In the press, how many 'experts' and anonymous sources are imaginary?

This story would be humorous if it wasn't so indicative of so much reporting today. An expert on student loans who has been used by multiple news outlets doesn't even exist. How many anonymous sources and experts are figments of journalists' imagination? Here is what the Chronicle of Higher Education has noted about a phantom expert source going by the name 'Drew Cloud':

Drew Cloud is everywhere. The self-described journalist who specializes in student-loan debt has been quoted in major news outlets, including The Washington PostThe Boston Globe, and CNBC, and is a fixture in the smaller, specialized blogosphere of student debt.

He’s always got the new data, featuring irresistible twists:

One in five students use extra money from their student loans to buy digital currencies.

Nearly 8 percent of students would move to North Korea to free themselves of their debt.

Twenty-seven percent would contract the Zika virus to live debt-free.

All of those surveys came from Cloud’s website, The Student Loan Report.

Drew Cloud’s story was simple: He founded the website, an "independent, authoritative news outlet" covering all things student loans, "after he had difficulty finding the most recent student loan news and information all in one place."

He became ubiquitous on that topic. But he’s a fiction, the invention of a student-loan refinancing company.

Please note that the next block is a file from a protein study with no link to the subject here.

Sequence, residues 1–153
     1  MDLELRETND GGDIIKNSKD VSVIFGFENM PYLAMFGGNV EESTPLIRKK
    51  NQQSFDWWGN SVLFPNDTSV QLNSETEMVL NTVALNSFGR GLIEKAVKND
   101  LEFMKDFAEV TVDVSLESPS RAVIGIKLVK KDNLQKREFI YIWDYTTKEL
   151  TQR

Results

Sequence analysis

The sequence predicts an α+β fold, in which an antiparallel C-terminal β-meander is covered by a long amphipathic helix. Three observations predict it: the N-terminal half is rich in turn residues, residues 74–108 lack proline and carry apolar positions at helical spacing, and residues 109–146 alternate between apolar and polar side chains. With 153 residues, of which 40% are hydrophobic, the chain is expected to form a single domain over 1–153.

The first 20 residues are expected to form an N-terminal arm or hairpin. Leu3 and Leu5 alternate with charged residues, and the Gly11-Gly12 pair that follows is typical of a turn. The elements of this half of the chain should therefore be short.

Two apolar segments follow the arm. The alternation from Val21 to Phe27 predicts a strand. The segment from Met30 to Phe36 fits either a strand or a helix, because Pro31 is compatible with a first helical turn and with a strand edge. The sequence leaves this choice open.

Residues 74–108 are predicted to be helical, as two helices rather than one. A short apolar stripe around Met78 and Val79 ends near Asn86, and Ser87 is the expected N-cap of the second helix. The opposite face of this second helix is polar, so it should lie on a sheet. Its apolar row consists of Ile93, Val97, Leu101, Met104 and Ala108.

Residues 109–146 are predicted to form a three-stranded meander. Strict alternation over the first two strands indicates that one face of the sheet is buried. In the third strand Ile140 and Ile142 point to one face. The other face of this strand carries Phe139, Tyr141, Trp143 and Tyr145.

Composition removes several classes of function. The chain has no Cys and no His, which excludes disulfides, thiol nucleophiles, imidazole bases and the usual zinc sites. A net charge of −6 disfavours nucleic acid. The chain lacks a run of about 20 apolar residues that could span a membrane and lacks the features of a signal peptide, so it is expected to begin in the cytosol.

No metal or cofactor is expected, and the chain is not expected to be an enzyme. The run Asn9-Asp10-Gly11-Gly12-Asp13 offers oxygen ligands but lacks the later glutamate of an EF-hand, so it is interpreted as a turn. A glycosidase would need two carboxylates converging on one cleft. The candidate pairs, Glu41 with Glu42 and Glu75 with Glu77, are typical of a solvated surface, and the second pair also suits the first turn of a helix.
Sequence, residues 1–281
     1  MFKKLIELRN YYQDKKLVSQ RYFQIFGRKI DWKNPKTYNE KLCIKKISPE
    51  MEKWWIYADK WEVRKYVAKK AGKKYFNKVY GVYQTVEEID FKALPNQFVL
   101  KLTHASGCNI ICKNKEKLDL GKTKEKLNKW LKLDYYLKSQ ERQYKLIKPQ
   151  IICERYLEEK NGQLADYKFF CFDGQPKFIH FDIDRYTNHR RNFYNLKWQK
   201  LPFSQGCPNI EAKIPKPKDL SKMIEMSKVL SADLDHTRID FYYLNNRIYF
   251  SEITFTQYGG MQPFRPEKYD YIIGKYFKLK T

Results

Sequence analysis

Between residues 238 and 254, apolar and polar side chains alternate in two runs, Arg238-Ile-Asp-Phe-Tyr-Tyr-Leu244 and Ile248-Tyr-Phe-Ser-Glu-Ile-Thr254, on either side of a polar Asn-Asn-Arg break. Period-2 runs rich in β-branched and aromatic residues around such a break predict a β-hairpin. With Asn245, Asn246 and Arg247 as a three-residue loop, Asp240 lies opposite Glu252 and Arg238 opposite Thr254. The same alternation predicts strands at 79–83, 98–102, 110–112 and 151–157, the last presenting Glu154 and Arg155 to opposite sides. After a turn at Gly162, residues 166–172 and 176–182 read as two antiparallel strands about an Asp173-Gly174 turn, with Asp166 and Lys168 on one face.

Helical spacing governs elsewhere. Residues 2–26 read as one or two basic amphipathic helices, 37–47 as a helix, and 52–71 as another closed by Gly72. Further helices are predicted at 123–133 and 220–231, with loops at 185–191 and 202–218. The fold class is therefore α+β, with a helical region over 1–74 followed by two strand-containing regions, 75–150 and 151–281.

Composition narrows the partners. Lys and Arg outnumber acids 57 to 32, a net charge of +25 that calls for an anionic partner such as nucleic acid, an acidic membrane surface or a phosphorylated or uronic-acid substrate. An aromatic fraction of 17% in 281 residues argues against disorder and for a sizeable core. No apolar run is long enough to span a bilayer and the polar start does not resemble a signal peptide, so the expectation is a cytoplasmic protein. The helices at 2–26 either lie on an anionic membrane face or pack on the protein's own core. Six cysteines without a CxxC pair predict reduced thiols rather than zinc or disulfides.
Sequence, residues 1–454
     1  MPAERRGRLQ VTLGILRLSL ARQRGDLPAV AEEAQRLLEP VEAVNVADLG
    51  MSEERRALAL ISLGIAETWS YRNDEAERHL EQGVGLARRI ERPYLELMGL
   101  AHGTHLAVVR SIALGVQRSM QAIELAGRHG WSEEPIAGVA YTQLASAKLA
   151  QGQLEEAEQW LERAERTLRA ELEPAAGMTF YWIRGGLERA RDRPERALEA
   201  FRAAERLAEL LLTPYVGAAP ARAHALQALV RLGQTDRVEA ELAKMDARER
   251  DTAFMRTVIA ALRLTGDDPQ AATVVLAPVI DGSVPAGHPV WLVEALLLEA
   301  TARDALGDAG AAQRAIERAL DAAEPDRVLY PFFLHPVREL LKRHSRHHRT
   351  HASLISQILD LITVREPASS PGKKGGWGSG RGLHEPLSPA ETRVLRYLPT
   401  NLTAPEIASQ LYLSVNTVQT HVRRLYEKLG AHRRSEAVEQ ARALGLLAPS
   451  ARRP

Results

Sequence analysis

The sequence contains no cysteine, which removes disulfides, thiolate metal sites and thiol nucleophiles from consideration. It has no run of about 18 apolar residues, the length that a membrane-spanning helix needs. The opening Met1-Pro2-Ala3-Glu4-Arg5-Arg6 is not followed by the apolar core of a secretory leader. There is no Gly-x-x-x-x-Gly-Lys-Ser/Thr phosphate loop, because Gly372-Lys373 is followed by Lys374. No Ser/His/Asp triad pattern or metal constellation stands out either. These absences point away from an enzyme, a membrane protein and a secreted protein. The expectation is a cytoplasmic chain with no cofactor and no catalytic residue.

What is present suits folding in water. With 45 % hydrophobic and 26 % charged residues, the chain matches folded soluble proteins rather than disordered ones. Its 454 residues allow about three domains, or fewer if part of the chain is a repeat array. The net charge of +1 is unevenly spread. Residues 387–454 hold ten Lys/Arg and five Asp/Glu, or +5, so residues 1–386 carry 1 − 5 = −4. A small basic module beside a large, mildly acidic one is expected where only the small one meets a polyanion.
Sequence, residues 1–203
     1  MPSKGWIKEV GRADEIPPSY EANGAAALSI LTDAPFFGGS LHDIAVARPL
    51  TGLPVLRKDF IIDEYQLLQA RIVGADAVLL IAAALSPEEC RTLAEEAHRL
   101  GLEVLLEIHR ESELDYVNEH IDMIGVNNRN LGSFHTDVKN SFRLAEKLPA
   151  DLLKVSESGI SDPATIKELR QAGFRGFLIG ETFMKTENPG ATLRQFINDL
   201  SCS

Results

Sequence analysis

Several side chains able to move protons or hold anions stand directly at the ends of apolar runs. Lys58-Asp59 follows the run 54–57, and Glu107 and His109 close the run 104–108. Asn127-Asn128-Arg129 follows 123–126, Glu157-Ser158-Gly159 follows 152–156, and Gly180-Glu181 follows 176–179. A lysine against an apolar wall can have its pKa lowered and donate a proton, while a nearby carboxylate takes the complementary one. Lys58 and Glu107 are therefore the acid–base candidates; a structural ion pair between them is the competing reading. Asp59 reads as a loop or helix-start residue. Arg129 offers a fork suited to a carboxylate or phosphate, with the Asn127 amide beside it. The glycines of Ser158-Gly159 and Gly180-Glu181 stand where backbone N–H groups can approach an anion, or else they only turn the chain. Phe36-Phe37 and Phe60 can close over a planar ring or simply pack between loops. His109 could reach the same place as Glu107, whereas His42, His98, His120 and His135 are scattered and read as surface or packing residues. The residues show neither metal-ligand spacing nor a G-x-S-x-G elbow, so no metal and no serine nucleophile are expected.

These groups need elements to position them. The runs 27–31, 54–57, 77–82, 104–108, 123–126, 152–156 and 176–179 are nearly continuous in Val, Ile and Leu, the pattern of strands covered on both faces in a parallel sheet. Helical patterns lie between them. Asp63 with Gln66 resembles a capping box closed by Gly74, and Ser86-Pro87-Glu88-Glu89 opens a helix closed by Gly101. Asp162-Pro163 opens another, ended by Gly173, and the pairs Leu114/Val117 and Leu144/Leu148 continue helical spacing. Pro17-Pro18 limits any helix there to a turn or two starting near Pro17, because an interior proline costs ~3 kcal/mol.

It appears Drew Cloud's stories on student debt were as truthful as the Russian dossier and Russian collusion story itself. 

Photo Credit: Andy Mabbett, via Creative Commons SA 3.0

Think of all the stories that New York Times and Washington Post put out about Trump and "chaos" based on anonymous sources. How many times have stories come out that Trump was thinking about firing Special Counsel Robert Mueller or Deputy Attorney General Rod Rosenstein with no actual evidence?

How many "experts" on climate change are continually wrong but just repeat their theory anyway with the media in lockstep, yet no actual evidence that the theory is true? Here is a hint for the media: If the "experts" have to repeatedly manipulate the data to get the results they want, the theory is not settled science. 

Finally, when are journalists actually going to do some research instead of reporting things because it fits their agenda? Instead of quoting fake, failed or phantom 'experts,' they should do their own research and prove things before they report about them. Somehow, that just isn't convenient.

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